An implantable sensor that may one day be used to simultaneously monitor glucose and insulin levels in the blood to help patients with diabetes better manage their disease has been developmed by a group of researchers in New Mexico. Although not yet tested in diabetics, the researchers hope that it will become the standard of care for patients with diabetes.
measure their glucose levels manually, using monitors that measure
the blood sugar in a drop of blood. The researchers say a monitor
constantly measures the ratio between glucose and insulin could
help diabetics maintain closer control of their condition.
Wang and a team of scientists at the University of New Mexico in
Las Cruces used electrochemistry and computer technology to integrate
insulin monitoring into a device that can gather both kinds of data
through one small, implantable needle that operates as a sensor.
the sensor, Wang filled a needle about the size of a hypodermic
needle with two tiny lengths of tubing that collect electrochemical
data on glucose and
insulin levels and transfer it to a computer. All of this happens
in real time, while the device is implanted, the researchers report
in the February 15th issue of
sensor is still in very early stages--the needle was tested while
hooked up to a machine that simulates fluctuating levels of glucose
production--Wang believes it may one day become the standard of
care for patients with diabetes.
is to replace the widely used glucose-monitoring strip with implantable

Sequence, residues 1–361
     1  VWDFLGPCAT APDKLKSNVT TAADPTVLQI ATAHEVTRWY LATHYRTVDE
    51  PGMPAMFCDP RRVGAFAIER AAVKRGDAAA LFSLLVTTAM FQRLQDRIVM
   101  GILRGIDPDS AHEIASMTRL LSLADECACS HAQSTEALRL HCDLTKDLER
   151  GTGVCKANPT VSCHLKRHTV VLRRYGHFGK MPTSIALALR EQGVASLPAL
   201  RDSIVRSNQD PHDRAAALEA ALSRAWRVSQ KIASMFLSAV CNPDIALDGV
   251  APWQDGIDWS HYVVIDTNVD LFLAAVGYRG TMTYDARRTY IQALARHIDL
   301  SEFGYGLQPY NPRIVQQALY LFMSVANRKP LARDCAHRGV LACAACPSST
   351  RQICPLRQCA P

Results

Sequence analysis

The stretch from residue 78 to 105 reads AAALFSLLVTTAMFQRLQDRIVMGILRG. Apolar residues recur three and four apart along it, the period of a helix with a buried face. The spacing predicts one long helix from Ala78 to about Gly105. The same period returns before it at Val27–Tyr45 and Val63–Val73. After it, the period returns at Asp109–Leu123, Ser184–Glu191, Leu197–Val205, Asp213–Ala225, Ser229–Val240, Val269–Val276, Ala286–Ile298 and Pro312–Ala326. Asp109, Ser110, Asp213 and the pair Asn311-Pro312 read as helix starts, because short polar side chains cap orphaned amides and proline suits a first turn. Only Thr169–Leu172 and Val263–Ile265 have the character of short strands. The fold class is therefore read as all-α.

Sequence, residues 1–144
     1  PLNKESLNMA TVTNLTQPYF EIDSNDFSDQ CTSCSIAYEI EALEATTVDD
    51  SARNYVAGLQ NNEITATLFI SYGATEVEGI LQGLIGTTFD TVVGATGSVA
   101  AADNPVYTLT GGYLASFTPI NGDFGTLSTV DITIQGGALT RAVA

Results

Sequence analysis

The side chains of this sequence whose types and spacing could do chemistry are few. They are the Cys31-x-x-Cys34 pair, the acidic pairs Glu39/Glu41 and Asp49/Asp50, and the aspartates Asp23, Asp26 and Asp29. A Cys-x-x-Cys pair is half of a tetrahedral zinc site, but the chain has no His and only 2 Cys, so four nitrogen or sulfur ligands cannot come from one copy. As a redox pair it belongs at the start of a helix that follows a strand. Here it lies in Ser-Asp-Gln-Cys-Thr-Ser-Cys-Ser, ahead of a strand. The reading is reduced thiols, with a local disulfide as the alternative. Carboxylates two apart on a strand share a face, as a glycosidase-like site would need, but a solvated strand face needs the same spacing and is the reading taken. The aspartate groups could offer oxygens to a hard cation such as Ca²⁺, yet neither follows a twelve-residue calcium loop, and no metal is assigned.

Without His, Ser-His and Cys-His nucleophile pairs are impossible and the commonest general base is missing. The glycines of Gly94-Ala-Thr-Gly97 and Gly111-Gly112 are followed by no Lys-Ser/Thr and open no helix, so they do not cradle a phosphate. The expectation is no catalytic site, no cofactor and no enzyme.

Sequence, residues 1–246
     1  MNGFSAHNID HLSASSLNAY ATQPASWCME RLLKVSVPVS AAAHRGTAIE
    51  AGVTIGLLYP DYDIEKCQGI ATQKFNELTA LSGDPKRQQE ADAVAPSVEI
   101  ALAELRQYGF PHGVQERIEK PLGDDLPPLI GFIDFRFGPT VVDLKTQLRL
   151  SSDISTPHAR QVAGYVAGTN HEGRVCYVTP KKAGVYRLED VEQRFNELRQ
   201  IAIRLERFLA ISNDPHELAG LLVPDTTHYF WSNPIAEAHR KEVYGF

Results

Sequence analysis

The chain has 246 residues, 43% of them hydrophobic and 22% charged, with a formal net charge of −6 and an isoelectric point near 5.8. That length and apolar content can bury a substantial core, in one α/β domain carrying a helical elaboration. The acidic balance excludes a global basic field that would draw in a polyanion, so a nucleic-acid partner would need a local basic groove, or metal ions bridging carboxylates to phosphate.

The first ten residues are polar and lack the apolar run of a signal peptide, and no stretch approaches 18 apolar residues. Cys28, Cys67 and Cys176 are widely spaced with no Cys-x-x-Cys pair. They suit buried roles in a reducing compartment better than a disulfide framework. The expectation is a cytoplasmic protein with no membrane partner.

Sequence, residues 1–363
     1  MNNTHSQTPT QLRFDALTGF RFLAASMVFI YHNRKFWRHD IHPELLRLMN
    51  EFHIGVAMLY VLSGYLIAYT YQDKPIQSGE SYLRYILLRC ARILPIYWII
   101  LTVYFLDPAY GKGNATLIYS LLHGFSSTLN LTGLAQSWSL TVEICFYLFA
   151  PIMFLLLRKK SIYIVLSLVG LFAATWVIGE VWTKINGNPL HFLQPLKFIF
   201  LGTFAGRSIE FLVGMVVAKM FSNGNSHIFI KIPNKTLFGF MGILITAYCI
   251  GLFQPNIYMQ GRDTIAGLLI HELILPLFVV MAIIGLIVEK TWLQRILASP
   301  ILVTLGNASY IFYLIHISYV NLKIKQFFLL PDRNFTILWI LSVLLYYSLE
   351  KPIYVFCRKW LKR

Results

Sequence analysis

devices," Wang said. "It
is very important for
patients to be able to measure the ratio between insulin and glucose."
There are more
than 15 million people in the US who have diabetes, and another
800,000 are diagnosed with the disease each year, according to the
Diabetes Association. Roughly 95% have Type 2 diabetes, which occurs
when the body loses its sensitivity to insulin, the hormone that
regulates blood glucose levels.
People with Type 1 diabetes, by comparison, do not generate insulin.
Over the long term, high blood sugar levels can damage the eyes,
kidneys, and nerves.
To combat these
imbalances, patients can be prescribed insulin injections and other
medicines to regulate insulin levels or enhance insulin sensitivity.
particularly those with Type 1 diabetes, use insulin pumps to deliver
insulin via a tube to the fat under the skin.
Wang said that
although he hopes to launch clinical trials of the device next summer,
he and his team have a long way to go. "We must first make
biocompatible, scale it down and make the needle smaller, and improve
the electronics," he said in the interview.
Wang foresees a device that costs between $25 and $30 and is implanted
for 3 to 4 days and then replaced. Although he said that he has
not yet been
approached by pharmaceutical companies interested in sponsoring
his device, potential investors might include Abbott, Biovail, Roche
and Johnson & Johnson. The
study was funded by the National Institutes of Health.